NotesFAQContact Us
Search Tips
Peer reviewed Peer reviewed
Direct linkDirect link
ERIC Number: EJ954503
Record Type: Journal
Publication Date: 2012-Feb
Pages: 16
Abstractor: As Provided
Reference Count: 59
ISSN: ISSN-1053-1890
The Good Enough Home? Home Environment and Outcomes of Young Maltreated Children
Robinson, Lara R.; Boris, Neil W.; Heller, Sherryl Scott; Rice, Janet; Zeanah, Charles H.; Clark, Cinda; Hawkins, Shantice
Child & Youth Care Forum, v41 n1 p73-88 Feb 2012
Background: Mixed results in the literature related to type of permanent placement and developmental outcomes of maltreated children suggest differences in postmaltreatment placement environments may be an important mechanism to consider. Objective: The goal of this study was to identify how home environment variables mediate risk in maltreated children in different types of placements. Methods: Participants included 71 maltreated and 70 non-maltreated (mean age = 7.14). Child outcomes were caregiver report of behavior problems (Child Behavior Checklist, CBCL) and cognitive assessment (Peabody Picture Vocabulary Test, PPVT, and Kaufman Brief Intelligence Test, KBIT). The home environment was examined using the Home Observation for Measurement of the Environment (HOME). Results: The maltreated and non-maltreated groups differed significantly on cognitive scores, F(6, 268) = 3.05, p less than 0.01, behavior problems, F(18, 258) = 2.64, p less than 0.001, and their home environments, F(14, 264) = 6.01, p less than 0.001. Partial "F" tests predicting cognitive scores by group after controlling for HOME academic resources revealed mediation of cognitive scores for the bio-kin group only and mediation of CBCL Withdrawal, Social Problems, and Attention Problems by HOME emotional resources within the bio-kin group only. After controlling for SES in meditational analyses, within group differences were only found for the bio-kin group and Attention problems. Conclusions: Results suggest that maltreated children returned to biological parents or placed with relatives may have greater need for continued parenting support and academic resources; enhancing home environments so that they are both stimulating and cohesive is necessary.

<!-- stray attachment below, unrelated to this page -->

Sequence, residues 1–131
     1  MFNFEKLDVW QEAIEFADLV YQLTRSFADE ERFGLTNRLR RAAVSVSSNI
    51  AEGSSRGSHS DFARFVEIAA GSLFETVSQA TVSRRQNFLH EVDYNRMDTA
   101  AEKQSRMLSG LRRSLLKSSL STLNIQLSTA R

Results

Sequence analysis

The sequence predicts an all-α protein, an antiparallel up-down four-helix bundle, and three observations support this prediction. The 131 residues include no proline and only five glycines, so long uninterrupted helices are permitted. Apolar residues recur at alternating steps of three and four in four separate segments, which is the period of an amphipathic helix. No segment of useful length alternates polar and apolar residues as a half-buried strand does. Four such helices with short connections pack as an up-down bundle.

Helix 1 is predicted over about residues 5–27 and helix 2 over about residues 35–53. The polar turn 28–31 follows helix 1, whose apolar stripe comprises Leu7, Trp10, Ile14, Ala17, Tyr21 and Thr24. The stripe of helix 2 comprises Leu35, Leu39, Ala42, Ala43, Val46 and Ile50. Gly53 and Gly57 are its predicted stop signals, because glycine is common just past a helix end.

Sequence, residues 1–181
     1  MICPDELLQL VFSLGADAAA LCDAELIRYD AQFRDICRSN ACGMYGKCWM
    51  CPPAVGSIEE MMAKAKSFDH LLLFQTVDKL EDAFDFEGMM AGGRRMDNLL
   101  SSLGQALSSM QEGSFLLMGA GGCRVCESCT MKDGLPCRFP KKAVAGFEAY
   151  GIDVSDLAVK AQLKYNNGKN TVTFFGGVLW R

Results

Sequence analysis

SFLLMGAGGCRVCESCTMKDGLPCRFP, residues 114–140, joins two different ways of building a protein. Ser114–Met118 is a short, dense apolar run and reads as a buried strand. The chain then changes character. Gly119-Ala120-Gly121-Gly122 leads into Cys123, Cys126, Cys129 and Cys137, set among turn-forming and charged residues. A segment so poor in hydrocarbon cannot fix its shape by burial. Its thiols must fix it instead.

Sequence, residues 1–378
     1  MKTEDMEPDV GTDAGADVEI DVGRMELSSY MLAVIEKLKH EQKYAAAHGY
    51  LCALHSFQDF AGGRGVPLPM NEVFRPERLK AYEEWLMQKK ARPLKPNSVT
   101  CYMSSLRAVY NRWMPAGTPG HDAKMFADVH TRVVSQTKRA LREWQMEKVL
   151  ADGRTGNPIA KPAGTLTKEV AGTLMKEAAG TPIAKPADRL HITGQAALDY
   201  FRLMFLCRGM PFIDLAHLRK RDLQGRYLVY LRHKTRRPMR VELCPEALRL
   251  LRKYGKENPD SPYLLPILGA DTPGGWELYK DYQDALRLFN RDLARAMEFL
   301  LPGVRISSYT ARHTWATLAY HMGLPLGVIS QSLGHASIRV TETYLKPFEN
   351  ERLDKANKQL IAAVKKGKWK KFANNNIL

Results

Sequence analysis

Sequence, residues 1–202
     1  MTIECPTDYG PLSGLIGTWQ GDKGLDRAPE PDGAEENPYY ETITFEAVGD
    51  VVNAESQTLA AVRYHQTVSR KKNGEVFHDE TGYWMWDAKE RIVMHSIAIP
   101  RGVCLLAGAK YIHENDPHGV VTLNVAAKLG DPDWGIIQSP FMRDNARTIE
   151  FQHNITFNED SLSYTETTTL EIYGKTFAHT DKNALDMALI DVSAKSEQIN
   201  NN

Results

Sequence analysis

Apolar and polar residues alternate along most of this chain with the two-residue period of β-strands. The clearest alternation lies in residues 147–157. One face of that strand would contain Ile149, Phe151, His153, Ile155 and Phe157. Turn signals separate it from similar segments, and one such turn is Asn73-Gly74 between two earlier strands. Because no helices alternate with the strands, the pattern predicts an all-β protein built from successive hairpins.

Springer. 233 Spring Street, New York, NY 10013. Tel: 800-777-4643; Tel: 212-460-1500; Fax: 212-348-4505; e-mail:; Web site:
Publication Type: Journal Articles; Reports - Research
Education Level: N/A
Audience: N/A
Language: English
Sponsor: N/A
Authoring Institution: N/A
Identifiers - Assessments and Surveys: Kaufman Brief Intelligence Test; Peabody Picture Vocabulary Test; Child Behavior Checklist